These books offer breezy escapism. That doesn’t mean they’re silly

Summer is almost here, and you’re looking forward to that long-awaited vacation. You can even picture it: The sun is shining, the waves are rolling gently and you’re curling up with a book.

Perhaps you’re diving into a steamy romance novel or losing yourself in a page-turning thriller. Maybe a work of romantasy is captivating you instead. Whatever your flavor of escapism, it’s likely that it could be classified as a “beach read” — that oft-dismissed, unofficial category of books that readers gravitate toward in the warmer months.

But what exactly constitutes a beach read? And where did that idea come from? Here’s what to know about the popular term.

What makes a ‘beach read’

A beach read is, naturally, the sort of book one might read at the beach — or at a lake, a resort or another typical summer destination.

The books populating “beach read” round-ups from booksellers, publishers and periodicals generally fall into the category of commercial fiction, designed to lure in readers with their saturated covers and playful illustrations. They’re also almost always marketed to women.

Amanda Bergeron, who acquires contemporary and historical book club fiction for Penguin Random House’s imprint Berkley, has published several authors whose books frequently appear on “beach read” lists: Carley Fortune, Jasmine Guillory and Emily Henry, to name a few. When looking for the next big summer read, Bergeron says she’s drawn to fast-paced stories with compelling characters. If it transports the reader to another location, all the better.

“It’s something that you’re excited to spend time with and you can’t put down — something that you’re just so eager to get back to that it will go with you wherever you go, whether that’s the park, the pool, the couch, your yard or even the beach,” she says.

"Every Summer After" by Carley Fortune - From Penguin Random House
"Every Summer After" by Carley Fortune - From Penguin Random House

Some books just scream summer, presenting an obvious opportunity to be marketed as a beach read, according to Bergeron. If it takes place in the summer, perhaps on an island or another breezy locale, there’s a good chance it could be a beach read. Sometimes, the “beach read” designation is so fitting that it announces itself in the title, like Fortune’s 2022 romance novel “Every Summer After,” Jenn McKinlay’s 2023 rom-com “Summer Reading” or Henry’s aptly named 2020 “Beach Read.”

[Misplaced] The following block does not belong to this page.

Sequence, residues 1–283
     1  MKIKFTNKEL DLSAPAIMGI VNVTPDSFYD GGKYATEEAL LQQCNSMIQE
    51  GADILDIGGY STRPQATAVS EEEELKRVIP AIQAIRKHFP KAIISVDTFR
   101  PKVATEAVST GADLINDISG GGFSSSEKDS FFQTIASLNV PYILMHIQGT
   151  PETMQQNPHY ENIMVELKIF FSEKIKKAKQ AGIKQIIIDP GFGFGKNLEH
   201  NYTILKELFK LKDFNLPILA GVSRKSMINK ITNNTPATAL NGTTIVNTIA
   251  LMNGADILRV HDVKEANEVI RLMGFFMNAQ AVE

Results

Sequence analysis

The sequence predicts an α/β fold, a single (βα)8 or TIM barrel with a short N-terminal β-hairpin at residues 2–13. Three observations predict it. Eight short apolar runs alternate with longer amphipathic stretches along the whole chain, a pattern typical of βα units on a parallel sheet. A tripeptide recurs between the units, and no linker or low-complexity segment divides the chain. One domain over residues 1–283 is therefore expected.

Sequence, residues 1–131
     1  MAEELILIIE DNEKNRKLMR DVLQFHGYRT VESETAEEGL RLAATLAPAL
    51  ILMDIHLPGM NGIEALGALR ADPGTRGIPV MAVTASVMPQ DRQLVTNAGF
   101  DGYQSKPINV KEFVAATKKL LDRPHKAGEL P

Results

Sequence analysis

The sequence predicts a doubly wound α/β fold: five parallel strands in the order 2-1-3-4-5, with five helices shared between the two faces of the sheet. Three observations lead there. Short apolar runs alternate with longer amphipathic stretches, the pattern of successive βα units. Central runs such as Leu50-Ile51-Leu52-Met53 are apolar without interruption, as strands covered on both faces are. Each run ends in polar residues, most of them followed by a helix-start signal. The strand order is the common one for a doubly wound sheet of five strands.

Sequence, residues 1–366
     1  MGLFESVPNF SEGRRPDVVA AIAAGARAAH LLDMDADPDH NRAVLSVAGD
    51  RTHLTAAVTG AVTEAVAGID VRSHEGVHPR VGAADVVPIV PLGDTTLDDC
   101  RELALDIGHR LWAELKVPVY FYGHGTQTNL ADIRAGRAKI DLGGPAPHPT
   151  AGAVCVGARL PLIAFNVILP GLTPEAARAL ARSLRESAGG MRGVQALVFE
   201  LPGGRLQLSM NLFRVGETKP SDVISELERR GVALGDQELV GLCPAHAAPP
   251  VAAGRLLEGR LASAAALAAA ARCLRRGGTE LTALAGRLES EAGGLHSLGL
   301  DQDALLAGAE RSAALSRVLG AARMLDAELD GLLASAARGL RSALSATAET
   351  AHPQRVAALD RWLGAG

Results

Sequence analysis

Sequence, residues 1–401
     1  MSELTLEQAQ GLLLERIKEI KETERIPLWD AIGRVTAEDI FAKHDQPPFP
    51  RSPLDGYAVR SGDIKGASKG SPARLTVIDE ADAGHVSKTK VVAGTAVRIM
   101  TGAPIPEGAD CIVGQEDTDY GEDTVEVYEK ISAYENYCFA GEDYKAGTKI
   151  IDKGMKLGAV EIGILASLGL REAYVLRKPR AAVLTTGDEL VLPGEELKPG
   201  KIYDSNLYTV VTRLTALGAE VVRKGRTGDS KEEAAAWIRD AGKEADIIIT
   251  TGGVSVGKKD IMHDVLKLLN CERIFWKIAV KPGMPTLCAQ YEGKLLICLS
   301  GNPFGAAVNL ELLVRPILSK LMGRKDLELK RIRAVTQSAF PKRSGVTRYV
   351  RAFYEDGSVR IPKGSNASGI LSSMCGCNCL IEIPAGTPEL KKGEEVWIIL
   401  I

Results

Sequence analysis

While the romance genre tends to dominate the “beach read” landscape, the label isn’t limited to romance, says Bergeron. A beach read can just as easily be a suspenseful thriller or a puzzle-box mystery novel — at least for Bergeron, it’s a book that readers will want to discuss with others and bring along with them on vacation.

In other words, a beach read doesn’t ask the reader to ponder the grim realities of the modern world or plunge into the depths of the human experience. Rather, it offers a break from the slog of daily life and the constant drumbeat of depressing news stories.

“For God’s sake, I do not want to be challenged,” Celeste Ballard declared in a 2014 humor column for The New Yorker about how to pick a summer read. “No ‘hard’ literature that I have to slog through to discover a deep and twisted meaning.”

Why some dislike the term ‘beach read’

Even though the “beach read” designation can go hand in hand with commercial success (books labeled as such frequently make bestseller lists), it’s also a loaded term.

Author Jennifer Weiner, whose books are often categorized as beach reads, rejected the label for years before eventually embracing it — an internal conflict she examined in a 2020 essay for Goodreads.

“It’s not hard to discern a whiff of Coppertone-scented sexism in the label,” she wrote. “Fast-paced, diverting books that are by or for men are called thrillers or mysteries or sometimes just plain old books, while the ladies get every kind of label, from chick lit to women’s fiction to upmarket women’s fiction to domestic fiction to, well, beach books.”

Books labeled as beach reads tend to emphasize plot and characters over elegant prose and heavier themes. To some, the implication is that the book is less serious or less worthy of one’s time.

"Such a Fun Age" by Kiley Reid - From Penguin Random House
"Such a Fun Age" by Kiley Reid - From Penguin Random House

Dakota Johnson, who launched a book club earlier this year, seemed to echo that assumption in an interview with Bustle: “Our book club is literary fiction. It’s not beach reads. It’s not silly,” she said.

Though the term “beach read” is commonly associated with frothy romance novels, Bergeron says that notion can be reductive. Beach reads can absolutely be frivolous — sometimes, that’s exactly what you need — but some of the most celebrated beach reads of the past few years explore weightier topics all while delivering on the promise of fun.

For instance, Fortune’s 2023 bestseller “Meet Me at the Lake” depicted postpartum anxiety and the loss of a family member, while Kiley Reid’s buzzy 2019 debut “Such A Fun Age” dealt with race and privilege. “A Love Like the Sun,” a forthcoming novel from Riss M. Neilson, includes representation of chronic illness.

“The fact that writers are able to do all that and offer readers an escape or a big heart hug is just really exciting,” Bergeron says.

The ‘summer read’ is a 19th century invention

The term “beach read” first appeared in literary periodicals around 1990, according to an article by the Los Angeles Public Library — though it’s unclear who coined it.